Obama’s Favorability Rating Takes a Dive

by Kristen Soltis Anderson

Last week brought bad news for the folks at 1600 Pennsylvania Avenue in the form of a record low in job approval for President Obama. Only 42 percent of adults approve of the job Obama is doing as president, according to the NBC/WSJ poll conducted October 25–28, while a majority (51 percent) disapprove. This was yet another data point in a trend line that was pointing downward for the president, at just the moment in time when the White House had hoped to focus on touting the rollout of the Affordable Care Act and basking in the post-shutdown damage done to the Republican brand.

Indeed, while rough news for the president’s team, it is true that his job-approval numbers have looked roughly this bad before. He was able to rebound, win reelection, and spend much of this year in positive territory. Is this time any different?

I believe it may be. Job approval is one measure of how an electorate feels about its leaders; favorability is another. On this measure, sometimes called the “fav-unfav,” Obama has always done quite well. Even in moments when a majority of Americans disapproved of his performance as president, he has always been at least neutral on this measure. People may not like how he’s running the country, but they don’t think he’s a bad guy.

What’s different about the last few weeks is that Obama has now crossed into negative territory on his fav-unfav, with only 41 percent holding a favorable view of the president in the most recent NBC/WSJ poll.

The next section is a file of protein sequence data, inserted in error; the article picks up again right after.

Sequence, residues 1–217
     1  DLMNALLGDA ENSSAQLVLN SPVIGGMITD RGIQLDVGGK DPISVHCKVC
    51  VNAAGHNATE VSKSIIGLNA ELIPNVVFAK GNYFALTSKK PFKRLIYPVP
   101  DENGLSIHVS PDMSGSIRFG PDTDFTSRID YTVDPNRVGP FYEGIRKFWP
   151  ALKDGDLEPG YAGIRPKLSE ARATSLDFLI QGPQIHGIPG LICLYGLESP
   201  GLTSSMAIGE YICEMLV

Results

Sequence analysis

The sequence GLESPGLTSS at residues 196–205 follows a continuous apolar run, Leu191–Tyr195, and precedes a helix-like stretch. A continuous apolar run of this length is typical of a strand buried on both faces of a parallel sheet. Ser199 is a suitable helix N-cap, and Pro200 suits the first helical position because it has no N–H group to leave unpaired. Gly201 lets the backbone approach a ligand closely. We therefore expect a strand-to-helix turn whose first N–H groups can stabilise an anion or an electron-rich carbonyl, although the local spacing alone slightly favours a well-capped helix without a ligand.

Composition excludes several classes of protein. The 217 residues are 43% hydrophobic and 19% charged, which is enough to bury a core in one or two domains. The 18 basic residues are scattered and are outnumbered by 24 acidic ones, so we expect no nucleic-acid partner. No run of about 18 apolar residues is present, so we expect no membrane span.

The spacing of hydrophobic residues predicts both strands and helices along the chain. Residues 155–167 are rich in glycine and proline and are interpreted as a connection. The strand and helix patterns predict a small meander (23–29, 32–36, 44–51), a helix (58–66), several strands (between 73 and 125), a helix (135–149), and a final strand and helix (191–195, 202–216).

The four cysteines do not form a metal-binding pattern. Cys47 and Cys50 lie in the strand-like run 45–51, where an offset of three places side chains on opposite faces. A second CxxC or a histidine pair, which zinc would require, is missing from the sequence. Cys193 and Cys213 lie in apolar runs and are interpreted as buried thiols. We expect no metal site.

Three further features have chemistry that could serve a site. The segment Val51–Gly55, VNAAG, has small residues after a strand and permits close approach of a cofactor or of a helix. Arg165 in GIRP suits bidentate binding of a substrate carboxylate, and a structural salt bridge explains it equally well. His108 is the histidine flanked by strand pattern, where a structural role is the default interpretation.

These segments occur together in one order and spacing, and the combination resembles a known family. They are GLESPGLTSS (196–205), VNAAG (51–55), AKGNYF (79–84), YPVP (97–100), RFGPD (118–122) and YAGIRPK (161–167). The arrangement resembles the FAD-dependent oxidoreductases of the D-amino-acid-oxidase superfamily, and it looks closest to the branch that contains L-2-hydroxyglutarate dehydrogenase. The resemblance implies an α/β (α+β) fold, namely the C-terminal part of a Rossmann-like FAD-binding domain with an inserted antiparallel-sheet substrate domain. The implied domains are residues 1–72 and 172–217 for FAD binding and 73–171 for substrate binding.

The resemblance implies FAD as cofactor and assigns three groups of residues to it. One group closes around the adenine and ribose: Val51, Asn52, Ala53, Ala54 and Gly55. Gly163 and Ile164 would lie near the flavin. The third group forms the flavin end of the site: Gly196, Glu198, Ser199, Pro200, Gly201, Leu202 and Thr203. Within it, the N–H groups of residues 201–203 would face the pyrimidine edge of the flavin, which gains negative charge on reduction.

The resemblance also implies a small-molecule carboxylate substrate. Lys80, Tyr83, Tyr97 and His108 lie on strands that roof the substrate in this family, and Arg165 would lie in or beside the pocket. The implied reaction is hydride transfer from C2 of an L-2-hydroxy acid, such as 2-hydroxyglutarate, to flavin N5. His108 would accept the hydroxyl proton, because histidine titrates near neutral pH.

Consider the polling in the first year after George W. Bush’s reelection. Prior to Katrina, he too had faced dips in job approval, but his favorability had always been a net positive. July 2005 was the last time the NBC/WSJ poll would show less than 50 percent of Americans disapproving of the job Bush did. By the time November 2005 rolled around, Bush’s favorables were down to 38 as was his job approval. Neither his job approval nor his favorables ever really recovered.

Obama’s job-approval numbers are not good news for his administration. They could, of course, still come back into positive territory over the next year or three. However, the fact that fewer Americans view him favorably is a signal that bringing those job-approval numbers back up could be a greater challenge than it has been before.

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